“We better leave early.” said my wife after a brief break. “The parking is going to be difficult.”

By difficult she meant that when we last saw her sister’s house, the area looked like an abandoned construction site and neither of us could envision the road and pristine fields of grass that would substitute for a parking lot. Yet when we arrived we drove down a newly fashioned gravel road over a rolling hill past a small area that was used by guests who pitched tents for the weekend and finally came upon what could only be described as a parking lot.

We exited the car, my step daughter and her partner, my stepson and his wife, all donning our very best casual wear and made the mile long trek back to the house.

As other guests arrived, there was the usual hugging and kissing and Oh My Guad you look great, from cousins we hadn’t seen in a while. Most of them I recognized as familiar but mostly i knew them from stories my wife told me over the years. I knew cousin Roy only because he was famous for his Thanksgiving dinners, cousin Diane for her three failed marriages and cousin Lynn for her genius son who was killing his mother with his bad behavior.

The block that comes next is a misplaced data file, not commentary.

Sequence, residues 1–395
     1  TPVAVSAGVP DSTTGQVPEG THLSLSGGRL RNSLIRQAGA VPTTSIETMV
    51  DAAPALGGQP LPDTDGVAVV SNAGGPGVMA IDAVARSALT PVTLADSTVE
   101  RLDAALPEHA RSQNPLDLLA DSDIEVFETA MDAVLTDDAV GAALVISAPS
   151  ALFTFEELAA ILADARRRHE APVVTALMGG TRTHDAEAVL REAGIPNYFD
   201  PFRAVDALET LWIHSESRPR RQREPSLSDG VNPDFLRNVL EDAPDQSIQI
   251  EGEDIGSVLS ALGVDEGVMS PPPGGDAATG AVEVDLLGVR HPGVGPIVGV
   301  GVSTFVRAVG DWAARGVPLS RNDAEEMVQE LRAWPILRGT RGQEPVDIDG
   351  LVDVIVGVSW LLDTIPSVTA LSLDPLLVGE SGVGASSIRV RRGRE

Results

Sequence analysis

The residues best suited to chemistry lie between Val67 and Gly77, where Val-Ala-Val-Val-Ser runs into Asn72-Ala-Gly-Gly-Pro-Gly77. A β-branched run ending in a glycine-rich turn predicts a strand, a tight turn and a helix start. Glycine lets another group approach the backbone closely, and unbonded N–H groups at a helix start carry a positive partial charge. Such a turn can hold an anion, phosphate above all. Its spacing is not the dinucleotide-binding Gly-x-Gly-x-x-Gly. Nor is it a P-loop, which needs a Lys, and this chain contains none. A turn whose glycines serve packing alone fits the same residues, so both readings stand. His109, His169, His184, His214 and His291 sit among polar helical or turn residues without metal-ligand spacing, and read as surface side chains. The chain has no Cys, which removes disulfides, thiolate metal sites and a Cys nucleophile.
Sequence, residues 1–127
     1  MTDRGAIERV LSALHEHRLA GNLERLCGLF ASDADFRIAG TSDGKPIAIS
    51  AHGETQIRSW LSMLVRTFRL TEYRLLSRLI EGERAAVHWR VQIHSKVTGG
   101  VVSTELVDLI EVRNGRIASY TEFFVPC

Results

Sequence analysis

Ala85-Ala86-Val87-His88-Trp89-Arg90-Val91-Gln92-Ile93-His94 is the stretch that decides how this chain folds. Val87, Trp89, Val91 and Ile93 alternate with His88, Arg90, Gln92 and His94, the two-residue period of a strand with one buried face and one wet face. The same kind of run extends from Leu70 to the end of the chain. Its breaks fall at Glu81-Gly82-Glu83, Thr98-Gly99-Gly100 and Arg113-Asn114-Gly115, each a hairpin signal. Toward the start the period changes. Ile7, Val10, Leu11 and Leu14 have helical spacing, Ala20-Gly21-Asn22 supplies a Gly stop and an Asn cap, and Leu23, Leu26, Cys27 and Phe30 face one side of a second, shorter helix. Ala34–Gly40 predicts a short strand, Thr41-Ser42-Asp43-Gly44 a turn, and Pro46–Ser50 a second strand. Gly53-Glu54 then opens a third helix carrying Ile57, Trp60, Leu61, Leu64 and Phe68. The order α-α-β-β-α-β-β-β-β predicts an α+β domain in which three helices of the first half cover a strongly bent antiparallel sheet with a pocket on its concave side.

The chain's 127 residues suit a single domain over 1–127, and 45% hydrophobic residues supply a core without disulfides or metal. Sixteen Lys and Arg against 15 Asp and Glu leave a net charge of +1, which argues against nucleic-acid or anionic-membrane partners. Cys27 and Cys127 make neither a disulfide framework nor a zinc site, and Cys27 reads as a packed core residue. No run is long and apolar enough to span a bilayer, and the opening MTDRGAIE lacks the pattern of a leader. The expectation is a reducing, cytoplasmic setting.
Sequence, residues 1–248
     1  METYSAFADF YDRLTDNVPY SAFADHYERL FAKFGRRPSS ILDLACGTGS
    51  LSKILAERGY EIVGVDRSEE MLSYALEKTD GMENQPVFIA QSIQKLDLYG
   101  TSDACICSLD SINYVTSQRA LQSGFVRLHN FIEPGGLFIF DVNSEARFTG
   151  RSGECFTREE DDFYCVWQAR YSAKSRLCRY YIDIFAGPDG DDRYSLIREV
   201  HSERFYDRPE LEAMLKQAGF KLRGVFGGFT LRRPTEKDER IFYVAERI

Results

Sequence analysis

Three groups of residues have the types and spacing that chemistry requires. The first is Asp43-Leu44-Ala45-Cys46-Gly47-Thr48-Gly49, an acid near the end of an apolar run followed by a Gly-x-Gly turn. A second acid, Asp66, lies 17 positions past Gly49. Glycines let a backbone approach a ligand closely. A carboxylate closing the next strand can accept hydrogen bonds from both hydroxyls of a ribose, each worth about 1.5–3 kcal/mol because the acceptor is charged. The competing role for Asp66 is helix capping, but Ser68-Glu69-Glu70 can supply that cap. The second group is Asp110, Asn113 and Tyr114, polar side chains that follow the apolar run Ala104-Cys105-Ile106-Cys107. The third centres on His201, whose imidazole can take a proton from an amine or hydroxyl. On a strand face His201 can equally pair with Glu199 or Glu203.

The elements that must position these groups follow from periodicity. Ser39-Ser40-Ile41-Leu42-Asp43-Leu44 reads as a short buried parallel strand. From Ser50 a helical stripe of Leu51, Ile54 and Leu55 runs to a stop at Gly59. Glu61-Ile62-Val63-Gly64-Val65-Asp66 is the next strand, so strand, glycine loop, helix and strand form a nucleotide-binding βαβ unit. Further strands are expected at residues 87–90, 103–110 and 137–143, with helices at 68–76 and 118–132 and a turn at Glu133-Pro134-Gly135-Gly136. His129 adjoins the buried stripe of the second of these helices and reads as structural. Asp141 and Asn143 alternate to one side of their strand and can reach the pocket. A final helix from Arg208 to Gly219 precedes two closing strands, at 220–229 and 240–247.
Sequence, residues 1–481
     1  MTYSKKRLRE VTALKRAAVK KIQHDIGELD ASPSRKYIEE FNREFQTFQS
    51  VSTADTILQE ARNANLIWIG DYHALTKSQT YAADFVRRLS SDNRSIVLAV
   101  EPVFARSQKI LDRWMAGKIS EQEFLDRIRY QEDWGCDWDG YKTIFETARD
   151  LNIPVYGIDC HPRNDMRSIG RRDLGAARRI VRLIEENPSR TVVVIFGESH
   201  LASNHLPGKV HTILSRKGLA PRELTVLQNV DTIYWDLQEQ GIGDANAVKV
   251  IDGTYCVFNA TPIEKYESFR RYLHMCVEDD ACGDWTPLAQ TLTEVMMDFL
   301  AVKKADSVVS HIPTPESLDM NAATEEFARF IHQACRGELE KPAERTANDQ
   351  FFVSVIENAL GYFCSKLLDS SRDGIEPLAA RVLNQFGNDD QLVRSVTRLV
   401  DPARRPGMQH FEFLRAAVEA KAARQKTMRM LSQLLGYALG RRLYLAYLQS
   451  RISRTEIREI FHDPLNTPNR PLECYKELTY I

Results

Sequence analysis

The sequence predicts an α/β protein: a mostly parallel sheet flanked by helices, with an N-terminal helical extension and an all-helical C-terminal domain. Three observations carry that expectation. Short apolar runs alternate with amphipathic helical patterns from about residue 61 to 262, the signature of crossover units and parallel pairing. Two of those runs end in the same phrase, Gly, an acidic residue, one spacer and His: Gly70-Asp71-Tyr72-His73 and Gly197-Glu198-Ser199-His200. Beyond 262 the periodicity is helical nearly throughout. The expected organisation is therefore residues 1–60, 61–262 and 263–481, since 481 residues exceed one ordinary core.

There were several awkward moments through-out the introductions when my wife introduced me as her wife to numerous relatives that last knew my wife as a straight woman married to a guy named David. Aunt Carol in particular couldn’t seem to contain her confusion.

The ceremony, typically a solemn reminder of why we are all gathered together, was light hearted and even funny. The newly minted minister wore a cowboy hat and I found myself enjoying the ceremony despite the fact that I had forgotten to bring something to drink and was already regretting my wardrobe choice. I had not worn more than shorts and a tee shirt for nearly three months and now felt utterly constricted in my linen pants and long sleeve blouse.

By the time the I do’s came around, I was dying of thirst and envisioned myself, fully clothed, jumping into the pool right around the corner from the bar.

Soon after getting settled, cousin Lynn made the mistake of asking about several relatives that had died long ago. She jokingly reminded us that “that’s what happens when we don’t get together often” although Uncle Herb had been dead for almost 10 years.

The line for the food was long. These guests were serious about plating up and it took almost an hour to get my artichoke dip and crostini. I found a seat at the kids table but after discussing the merits of whether or not to get a tattoo, I soon realized that no one would notice if I slipped out for a minute to take a toke or two from the joint I had brought with me.

I excused myself from the table to no one in particular and made my way out of the giant party tent and down wind from the other guests. After a couple of tokes I found myself pondering the gravel under my feet and noticing the view in a way I never had before.